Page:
• 25 May 2018
  • PowerShell Gallery: Creating QR GeoLocations

    In the previous tip we explained how you can get PowerShellGet up and running with your PowerShell version. Now let’s see how easily the PowerShell Gallery can extend the PowerShell functionality.

    Next time you send an invitation for a meeting, class, or party, why not add a geolocation QR code? Most modern smart devices can scan such codes via their camera app, and show the location in a map, and provide directions…

    • 24 May 2018
  • PowerShell Gallery: Creating QRCode vCards

    In the previous tip we explained how you can get PowerShellGet up and running with your PowerShell version. Now let’s see how easily the PowerShell Gallery can extend the PowerShell functionality.

    Next time you print business cards, why not add a QR code? It makes adding contacts so much easier! Most modern smart devices support QR codes, and when you point the camera app to a QR code, the smart phone offers to…

    • 23 May 2018
  • PowerShell Gallery: Creating QR Codes

    In the previous tip we explained how you can get PowerShellGet up and running with your PowerShell version. Now let’s see how easily the PowerShell Gallery can extend the PowerShell functionality.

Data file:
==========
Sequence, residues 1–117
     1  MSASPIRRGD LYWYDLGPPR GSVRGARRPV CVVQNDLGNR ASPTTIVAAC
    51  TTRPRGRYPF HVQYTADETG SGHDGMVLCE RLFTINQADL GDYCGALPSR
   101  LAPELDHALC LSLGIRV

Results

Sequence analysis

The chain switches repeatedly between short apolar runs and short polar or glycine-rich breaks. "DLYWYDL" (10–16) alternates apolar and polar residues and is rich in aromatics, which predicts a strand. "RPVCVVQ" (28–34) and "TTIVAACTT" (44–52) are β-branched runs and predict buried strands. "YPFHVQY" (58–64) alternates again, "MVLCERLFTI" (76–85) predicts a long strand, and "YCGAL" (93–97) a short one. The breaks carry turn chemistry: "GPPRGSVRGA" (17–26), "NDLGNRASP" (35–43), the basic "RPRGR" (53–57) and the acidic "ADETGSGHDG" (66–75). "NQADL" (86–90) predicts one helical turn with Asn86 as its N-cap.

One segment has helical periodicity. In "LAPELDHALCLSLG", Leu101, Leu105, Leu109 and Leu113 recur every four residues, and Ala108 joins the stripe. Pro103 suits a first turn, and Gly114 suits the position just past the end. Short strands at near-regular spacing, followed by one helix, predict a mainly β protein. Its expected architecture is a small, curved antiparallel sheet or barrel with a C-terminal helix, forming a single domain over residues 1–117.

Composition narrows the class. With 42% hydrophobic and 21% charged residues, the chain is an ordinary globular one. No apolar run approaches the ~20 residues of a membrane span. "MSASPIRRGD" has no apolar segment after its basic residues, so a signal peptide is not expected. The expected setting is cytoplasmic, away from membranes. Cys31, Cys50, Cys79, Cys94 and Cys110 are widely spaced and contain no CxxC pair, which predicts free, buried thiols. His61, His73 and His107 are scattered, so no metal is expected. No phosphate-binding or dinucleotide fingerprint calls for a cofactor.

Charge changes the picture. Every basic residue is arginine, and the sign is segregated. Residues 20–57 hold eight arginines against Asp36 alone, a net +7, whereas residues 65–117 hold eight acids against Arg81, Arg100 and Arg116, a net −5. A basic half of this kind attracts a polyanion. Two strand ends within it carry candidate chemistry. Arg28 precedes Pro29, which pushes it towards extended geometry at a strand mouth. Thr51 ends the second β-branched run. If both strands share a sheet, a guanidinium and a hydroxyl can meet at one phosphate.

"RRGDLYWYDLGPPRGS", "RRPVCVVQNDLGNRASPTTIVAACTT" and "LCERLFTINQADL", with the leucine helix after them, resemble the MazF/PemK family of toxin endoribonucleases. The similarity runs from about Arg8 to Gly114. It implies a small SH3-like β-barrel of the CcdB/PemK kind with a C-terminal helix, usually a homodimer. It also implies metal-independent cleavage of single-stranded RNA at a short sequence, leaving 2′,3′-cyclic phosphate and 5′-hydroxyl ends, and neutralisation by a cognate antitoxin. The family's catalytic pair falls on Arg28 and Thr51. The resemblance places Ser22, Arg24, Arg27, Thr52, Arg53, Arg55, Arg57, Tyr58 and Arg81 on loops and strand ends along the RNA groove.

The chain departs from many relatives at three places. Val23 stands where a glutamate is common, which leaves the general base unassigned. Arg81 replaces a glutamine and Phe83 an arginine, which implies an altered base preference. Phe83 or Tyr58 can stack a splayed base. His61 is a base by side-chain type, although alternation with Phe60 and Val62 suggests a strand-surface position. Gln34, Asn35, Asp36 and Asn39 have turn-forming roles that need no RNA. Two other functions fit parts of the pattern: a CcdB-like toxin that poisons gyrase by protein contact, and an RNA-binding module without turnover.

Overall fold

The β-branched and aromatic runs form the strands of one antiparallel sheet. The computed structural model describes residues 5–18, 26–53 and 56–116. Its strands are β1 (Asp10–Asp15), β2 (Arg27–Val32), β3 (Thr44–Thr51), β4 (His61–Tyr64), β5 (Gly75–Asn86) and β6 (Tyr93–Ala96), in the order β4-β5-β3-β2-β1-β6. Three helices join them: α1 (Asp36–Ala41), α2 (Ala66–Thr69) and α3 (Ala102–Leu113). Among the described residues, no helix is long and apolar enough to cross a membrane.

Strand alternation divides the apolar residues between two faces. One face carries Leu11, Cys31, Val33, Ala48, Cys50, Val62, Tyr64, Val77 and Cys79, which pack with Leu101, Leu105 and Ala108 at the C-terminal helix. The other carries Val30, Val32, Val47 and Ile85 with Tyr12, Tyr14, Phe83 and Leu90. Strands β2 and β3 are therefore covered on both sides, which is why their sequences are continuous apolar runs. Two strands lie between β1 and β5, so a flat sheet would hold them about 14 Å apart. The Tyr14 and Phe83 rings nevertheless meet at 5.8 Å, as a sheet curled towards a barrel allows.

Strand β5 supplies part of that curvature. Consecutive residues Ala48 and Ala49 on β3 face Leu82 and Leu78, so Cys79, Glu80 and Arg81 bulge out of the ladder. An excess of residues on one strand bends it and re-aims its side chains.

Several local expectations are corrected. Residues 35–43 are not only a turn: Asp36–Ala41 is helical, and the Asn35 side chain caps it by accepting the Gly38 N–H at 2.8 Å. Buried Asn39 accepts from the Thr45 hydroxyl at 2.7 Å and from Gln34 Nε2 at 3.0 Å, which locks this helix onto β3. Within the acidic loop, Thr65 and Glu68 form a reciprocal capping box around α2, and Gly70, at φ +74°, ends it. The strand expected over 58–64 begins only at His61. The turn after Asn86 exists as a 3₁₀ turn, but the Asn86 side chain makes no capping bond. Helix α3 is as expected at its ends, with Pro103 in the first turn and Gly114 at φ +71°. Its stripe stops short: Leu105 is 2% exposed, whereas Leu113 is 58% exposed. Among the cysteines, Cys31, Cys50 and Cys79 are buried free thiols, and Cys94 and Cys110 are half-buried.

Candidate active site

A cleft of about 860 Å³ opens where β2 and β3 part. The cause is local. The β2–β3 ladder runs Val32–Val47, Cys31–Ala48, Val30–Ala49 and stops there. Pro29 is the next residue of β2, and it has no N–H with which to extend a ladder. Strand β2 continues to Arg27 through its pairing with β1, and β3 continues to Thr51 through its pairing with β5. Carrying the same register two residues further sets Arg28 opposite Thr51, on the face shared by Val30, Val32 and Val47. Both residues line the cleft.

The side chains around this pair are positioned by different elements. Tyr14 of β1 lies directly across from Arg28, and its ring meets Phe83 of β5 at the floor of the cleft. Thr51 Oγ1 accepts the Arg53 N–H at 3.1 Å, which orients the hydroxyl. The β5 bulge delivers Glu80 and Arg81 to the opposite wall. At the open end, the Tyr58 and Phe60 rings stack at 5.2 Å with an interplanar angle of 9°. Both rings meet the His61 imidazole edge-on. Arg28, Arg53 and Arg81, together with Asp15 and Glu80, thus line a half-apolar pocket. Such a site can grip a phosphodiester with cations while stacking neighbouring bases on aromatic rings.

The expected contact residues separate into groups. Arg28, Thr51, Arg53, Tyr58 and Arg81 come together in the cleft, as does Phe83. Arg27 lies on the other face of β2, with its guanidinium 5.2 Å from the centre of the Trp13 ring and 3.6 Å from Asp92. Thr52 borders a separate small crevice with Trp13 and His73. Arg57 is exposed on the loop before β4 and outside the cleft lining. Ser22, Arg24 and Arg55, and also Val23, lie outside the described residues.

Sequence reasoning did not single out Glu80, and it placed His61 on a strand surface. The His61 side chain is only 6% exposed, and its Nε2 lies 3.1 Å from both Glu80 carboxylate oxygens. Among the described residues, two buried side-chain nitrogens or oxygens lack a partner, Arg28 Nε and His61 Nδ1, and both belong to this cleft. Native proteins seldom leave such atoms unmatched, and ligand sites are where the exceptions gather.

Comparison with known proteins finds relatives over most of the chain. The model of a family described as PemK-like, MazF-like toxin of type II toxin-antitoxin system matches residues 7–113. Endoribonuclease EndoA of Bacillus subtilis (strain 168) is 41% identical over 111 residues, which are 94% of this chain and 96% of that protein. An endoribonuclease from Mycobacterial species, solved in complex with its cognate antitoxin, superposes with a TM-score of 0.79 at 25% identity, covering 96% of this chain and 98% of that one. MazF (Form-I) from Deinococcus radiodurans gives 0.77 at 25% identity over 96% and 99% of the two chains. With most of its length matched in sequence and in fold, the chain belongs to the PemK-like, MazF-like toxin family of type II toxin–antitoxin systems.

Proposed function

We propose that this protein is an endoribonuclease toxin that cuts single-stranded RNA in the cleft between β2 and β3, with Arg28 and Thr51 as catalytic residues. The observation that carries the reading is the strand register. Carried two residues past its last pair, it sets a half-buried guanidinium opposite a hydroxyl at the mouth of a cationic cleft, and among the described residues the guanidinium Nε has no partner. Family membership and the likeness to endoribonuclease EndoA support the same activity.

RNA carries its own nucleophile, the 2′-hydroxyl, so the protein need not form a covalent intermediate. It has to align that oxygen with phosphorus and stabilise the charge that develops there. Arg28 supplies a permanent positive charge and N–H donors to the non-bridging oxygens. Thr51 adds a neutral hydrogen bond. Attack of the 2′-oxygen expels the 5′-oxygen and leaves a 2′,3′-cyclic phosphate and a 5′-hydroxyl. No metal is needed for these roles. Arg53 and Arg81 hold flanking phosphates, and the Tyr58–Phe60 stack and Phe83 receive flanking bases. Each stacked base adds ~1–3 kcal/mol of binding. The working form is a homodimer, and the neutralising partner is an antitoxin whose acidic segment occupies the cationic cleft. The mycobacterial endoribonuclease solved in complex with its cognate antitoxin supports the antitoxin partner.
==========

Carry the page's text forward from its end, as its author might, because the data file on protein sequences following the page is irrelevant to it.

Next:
To create a QR code for WiFi access, you just need a few lines of code now:

    # adjust this to match your own WiFi
    $wifi = "myAccessPoint"
    $pwd = "topSecret12"
    
    
    # QR Code will be saved here
    $path = 
    • 22 May 2018
  • Accessing Free PowerShell Gallery (Part 2)

    PowerShellGet is a new free extension for PowerShell that enables you to download and install free extensions and commands. It comes with PowerShell 5, and in the previous tip we explained how you can update it to the latest version.

    If you are using an older PowerShell version, the best advice is to update PowerShell. If you can’t do this, you can install the PowerShellGet module via a free MSI package here: https…

    • 21 May 2018
  • Accessing Free PowerShell Gallery (Part 1)

    PowerShell is an extensible framework, and there are tons of free and very useful command extensions available on the PowerShell Gallery (www.powershellgallery.com). We’ll be examining the vast power of this gallery in a couple of tip posts.

    To download and install any extension from PowerShellGallery, you need the PowerShellGet module which provides you with the commands to browse, download, install, update, and…

    • 18 May 2018
  • Printing Tables from PowerShell (using WPF)

    Whenever you would like to display, print, or save as PDF in a tabular form, WPF (Windows Presentation Foundation) may be a good way. Originally, WPF was created to define user interfaces, but you can as well use it to define tables, fill in the data, and print or save them.

    Don’t be put off by the amount of code. PowerShell is basically defining the table in an object-oriented way.

    The example code below creates…

    • 17 May 2018